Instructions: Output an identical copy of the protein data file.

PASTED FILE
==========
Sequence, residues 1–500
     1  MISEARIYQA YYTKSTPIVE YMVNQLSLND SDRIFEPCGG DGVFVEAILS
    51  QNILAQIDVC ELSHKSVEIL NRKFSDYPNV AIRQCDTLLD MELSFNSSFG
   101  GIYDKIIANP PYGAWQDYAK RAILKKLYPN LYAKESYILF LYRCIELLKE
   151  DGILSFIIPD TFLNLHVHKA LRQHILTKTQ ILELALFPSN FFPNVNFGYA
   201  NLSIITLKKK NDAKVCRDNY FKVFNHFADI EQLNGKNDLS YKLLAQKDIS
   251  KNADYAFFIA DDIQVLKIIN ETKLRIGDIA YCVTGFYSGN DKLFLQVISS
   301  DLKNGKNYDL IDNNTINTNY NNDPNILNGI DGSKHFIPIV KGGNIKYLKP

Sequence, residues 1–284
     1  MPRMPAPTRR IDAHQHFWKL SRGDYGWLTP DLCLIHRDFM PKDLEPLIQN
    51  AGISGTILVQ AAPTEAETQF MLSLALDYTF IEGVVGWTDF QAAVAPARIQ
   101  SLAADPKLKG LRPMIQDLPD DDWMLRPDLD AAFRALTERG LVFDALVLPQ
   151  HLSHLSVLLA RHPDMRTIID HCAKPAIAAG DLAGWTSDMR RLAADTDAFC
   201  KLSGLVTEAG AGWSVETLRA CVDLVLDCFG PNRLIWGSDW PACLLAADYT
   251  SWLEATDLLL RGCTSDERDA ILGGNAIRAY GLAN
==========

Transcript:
Sequence, residues 1–500
     1  MISEARIYQA YYTKSTPIVE YMVNQLSLND SDRIFEPCGG DGVFVEAILS
    51  QNILAQIDVC ELSHKSVEIL NRKFSDYPNV AIRQCDTLLD MELSFNSSFG
   101  GIYDKIIANP PYGAWQDYAK RAILKKLYPN LYAKESYILF LYRCIELLKE
   151  DGILSFIIPD TFLNLHVHKA LRQHILTKTQ ILELALFPSN FFPNVNFGYA
   201  NLSIITLKKK NDAKVCRDNY FKVFNHFADI EQLNGKNDLS YKLLAQKDIS
   251  KNADYAFFIA DDIQVLKIIN ETKLRIGDIA YCVTGFYSGN DKLFLQVISS
   301  DLKNGKNYDL IDNNTINTNY NNDPNILNGI DGSKHFIPIV KGGNIKYLKP

Sequence, residues 1–284
     1  MPRMPAPTRR IDAHQHFWKL SRGDYGWLTP DLCLIHRDFM PKDLEPLIQN
    51  AGISGTILVQ AAPTEAETQF MLSLALDYTF IEGVVGWTDF QAAVAPARIQ
   101  SLAADPKLKG LRPMIQDLPD DDWMLRPDLD AAFRALTERG LVFDALVLPQ
   151  HLSHLSVLLA RHPDMRTIID HCAKPAIAAG DLAGWTSDMR RLAADTDAFC
   201  KLSGLVTEAG AGWSVETLRA CVDLVLDCFG PNRLIWGSDW PACLLAADYT
   251  SWLEATDLLL RGCTSDERDA ILGGNAIRAY GLAN